Oldsmobile Sports Car
Nearly four years to the day that the final Oldsmobile rolled off the assembly line in Lansing, Michigan, comes word that Oldsmobile is back. More startling than the announcement itself is its origin—not from Lansing, not from Detroit, not from Michigan, not even from anywhere in North America.
A statement from Tokyo, of all places, reports that Toyota has secured rights to the Oldsmobile name. Asked for comment, GM is remaining extremely tight-lipped on the issue at the moment while presumably trying to sort out internally what oversight allowed this to happen—and who to can for it.
A Most Egregious Oversight
Toyota officials have stated that GM’s copyright on the Oldsmobile brand name expired midway through 2006. In the midst of the constant corporate shuffling under way in the domestic automotive juggernaut, somehow responsibility for renewal slipped through the cracks and the name floated around untethered for almost a year before someone at Toyota noticed. The unsubstantiated—at this point—story is that the alert came from the astute nephew of a still-confidential executive, who works as a clerk in the U.S. Copyright Office.
The Toyota exec saw an opportunity, and the rights to the name were scooped up by Toyota for a nominal refiling fee—just $5000. As Toyota pushes upmarket—the Avalon and the Highlander can cost more than $40, 000, and a loaded Sequoia can eclipse $60, 000—the question has been raised repeatedly just how much the American public is willing to pay for a vehicle with the same badge as a $12, 000 Yaris. Toyota took note of the rapid failure of the Volkswagen Phaeton and does not wish to find itself in the same situation.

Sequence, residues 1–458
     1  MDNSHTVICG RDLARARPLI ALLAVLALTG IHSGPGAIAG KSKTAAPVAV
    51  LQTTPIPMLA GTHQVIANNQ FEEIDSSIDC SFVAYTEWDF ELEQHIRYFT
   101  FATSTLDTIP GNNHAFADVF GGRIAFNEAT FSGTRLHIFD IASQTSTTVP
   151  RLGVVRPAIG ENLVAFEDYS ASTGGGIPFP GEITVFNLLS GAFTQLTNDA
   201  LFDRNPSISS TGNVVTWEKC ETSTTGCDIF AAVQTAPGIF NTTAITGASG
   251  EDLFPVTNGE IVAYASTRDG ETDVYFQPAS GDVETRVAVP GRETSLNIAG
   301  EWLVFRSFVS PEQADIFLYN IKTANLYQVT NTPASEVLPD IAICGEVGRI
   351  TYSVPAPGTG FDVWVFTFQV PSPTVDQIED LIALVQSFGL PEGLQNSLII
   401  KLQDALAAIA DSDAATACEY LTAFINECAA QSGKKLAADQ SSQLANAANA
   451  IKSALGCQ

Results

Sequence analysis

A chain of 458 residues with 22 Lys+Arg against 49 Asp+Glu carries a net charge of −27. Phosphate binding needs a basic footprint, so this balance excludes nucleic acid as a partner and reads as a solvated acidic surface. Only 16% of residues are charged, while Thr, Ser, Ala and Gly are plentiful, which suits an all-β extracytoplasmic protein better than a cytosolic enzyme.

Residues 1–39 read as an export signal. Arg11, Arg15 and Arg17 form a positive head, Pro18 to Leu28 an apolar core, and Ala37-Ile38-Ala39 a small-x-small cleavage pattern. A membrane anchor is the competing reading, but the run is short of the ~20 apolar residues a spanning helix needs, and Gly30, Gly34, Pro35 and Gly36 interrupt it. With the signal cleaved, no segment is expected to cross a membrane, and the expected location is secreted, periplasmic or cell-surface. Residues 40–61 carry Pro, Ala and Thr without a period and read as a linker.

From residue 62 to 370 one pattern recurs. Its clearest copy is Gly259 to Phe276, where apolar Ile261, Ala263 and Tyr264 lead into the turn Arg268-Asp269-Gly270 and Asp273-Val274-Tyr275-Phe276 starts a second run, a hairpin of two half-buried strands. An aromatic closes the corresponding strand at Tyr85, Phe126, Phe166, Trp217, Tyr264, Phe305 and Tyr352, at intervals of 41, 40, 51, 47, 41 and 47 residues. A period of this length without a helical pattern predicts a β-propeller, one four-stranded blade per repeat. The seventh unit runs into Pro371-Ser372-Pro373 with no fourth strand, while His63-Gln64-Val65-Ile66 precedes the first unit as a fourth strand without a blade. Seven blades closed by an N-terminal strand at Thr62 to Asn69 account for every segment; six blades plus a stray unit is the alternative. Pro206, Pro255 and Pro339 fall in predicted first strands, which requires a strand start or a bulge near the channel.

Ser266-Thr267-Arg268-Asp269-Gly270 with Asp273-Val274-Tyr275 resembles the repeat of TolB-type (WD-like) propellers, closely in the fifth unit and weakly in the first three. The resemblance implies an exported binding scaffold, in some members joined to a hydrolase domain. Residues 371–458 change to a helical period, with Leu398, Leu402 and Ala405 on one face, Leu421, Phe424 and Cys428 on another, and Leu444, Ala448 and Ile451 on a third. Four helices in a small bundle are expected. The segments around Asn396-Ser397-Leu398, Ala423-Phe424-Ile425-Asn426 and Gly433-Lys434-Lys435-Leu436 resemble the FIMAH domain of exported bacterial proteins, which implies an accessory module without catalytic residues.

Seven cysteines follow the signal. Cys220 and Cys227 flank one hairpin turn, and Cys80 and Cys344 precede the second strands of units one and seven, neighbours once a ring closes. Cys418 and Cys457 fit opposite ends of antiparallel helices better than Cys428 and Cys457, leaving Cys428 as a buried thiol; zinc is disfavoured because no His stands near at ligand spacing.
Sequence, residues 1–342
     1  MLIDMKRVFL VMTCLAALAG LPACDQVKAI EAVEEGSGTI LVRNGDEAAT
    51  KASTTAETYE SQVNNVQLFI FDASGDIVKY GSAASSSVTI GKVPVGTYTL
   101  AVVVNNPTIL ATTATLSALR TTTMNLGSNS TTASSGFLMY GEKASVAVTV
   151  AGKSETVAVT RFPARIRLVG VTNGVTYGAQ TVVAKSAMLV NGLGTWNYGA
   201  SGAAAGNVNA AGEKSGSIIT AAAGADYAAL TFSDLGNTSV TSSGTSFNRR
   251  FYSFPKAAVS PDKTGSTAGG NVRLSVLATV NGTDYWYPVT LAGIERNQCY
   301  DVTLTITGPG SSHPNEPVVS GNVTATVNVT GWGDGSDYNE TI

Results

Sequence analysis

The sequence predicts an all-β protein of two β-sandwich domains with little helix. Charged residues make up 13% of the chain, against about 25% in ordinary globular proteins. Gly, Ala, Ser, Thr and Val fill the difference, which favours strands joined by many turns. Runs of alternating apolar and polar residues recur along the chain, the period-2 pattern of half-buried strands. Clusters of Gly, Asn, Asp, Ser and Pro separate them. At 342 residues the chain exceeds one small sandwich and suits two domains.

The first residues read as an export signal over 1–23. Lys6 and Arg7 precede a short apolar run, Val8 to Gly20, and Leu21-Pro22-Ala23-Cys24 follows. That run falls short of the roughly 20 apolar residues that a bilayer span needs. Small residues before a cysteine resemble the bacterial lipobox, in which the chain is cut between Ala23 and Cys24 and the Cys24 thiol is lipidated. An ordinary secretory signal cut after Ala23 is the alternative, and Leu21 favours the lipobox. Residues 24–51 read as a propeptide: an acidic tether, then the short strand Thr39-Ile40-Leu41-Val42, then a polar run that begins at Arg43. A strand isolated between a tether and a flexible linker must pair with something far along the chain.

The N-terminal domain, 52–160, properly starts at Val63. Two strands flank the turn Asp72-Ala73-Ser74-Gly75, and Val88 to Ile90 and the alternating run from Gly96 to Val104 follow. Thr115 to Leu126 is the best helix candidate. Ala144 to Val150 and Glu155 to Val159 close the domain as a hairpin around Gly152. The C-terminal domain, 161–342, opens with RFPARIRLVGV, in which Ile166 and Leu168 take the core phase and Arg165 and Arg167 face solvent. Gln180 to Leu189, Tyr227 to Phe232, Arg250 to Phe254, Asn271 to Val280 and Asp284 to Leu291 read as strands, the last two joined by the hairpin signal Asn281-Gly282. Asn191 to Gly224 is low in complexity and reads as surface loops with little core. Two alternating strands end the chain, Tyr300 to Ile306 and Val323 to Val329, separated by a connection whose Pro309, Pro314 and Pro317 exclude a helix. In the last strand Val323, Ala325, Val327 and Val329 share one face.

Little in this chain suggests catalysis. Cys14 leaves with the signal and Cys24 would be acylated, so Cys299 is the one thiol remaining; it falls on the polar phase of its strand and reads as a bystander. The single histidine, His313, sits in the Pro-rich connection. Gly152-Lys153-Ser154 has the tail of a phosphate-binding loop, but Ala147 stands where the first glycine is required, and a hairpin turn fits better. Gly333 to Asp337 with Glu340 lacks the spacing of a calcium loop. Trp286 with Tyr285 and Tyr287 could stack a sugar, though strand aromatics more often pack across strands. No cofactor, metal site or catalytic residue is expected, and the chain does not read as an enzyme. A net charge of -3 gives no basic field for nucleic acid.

According to Bob Carter, general manager of Toyota for Toyota Motor Sales, U.S.A., Oldsmobile will fill the gap between Toyota and the company’s luxury flagship brand, Lexus. “Oldsmobile is an established and respected luxury nameplate, ” Carter said. “We fully realize this acquisition is unconventional, but the opportunity to immediately acquire over 100 years’ worth of brand recognition couldn’t be missed.
“It’s a shame, ” Carter said, “that a company with the proud history of Oldsmobile ever left the market, and we feel Toyota can establish the same sort of staying power with the Oldsmobile brand as we have with Lexus and Scion.”
A New Twist on the Same Oldsmobile Ideal
Citing Oldsmobile’s greatest successes as a slightly upmarket and sportier alternative to its Chevrolet and Pontiac cousins, Carter said the name will be applied to today’s American performance-oriented luxury vehicles—SUVs. Asked if the iForce V-8 in the Sequoia will be renamed the Rocket for Oldsmobile applications, Carter scoffed: “Toyota is a company that looks forward, not back. The past can inspire us, but we can never relive it. We will not mire ourselves in bygone days.”
And so Toyota is sticking with names from recent Oldsmobile history, to avoid alienating the young, upwardly mobile customers it is targeting. Bravada and Intrigue are names that will be familiar to the target demographic, affixed as they will be to the RAV4 and 4Runner SUVs, respectively.